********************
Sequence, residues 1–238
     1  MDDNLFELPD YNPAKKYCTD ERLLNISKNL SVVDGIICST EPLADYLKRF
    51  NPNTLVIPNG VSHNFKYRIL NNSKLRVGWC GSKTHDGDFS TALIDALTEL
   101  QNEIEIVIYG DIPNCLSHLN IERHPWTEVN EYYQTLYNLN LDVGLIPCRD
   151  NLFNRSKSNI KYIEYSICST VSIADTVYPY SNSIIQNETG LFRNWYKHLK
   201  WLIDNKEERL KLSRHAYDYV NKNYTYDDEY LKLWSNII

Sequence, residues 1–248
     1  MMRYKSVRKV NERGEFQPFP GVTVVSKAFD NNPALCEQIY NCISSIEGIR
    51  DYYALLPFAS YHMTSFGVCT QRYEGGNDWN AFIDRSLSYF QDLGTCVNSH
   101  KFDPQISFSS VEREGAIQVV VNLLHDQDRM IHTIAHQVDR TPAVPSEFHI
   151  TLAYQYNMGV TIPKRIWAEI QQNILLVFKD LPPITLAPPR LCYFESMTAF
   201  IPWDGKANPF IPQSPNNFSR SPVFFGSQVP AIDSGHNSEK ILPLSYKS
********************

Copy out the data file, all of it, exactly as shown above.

Sequence, residues 1–238
     1  MDDNLFELPD YNPAKKYCTD ERLLNISKNL SVVDGIICST EPLADYLKRF
    51  NPNTLVIPNG VSHNFKYRIL NNSKLRVGWC GSKTHDGDFS TALIDALTEL
   101  QNEIEIVIYG DIPNCLSHLN IERHPWTEVN EYYQTLYNLN LDVGLIPCRD
   151  NLFNRSKSNI KYIEYSICST VSIADTVYPY SNSIIQNETG LFRNWYKHLK
   201  WLIDNKEERL KLSRHAYDYV NKNYTYDDEY LKLWSNII

Sequence, residues 1–248
     1  MMRYKSVRKV NERGEFQPFP GVTVVSKAFD NNPALCEQIY NCISSIEGIR
    51  DYYALLPFAS YHMTSFGVCT QRYEGGNDWN AFIDRSLSYF QDLGTCVNSH
   101  KFDPQISFSS VEREGAIQVV VNLLHDQDRM IHTIAHQVDR TPAVPSEFHI
   151  TLAYQYNMGV TIPKRIWAEI QQNILLVFKD LPPITLAPPR LCYFESMTAF
   201  IPWDGKANPF IPQSPNNFSR SPVFFGSQVP AIDSGHNSEK ILPLSYKS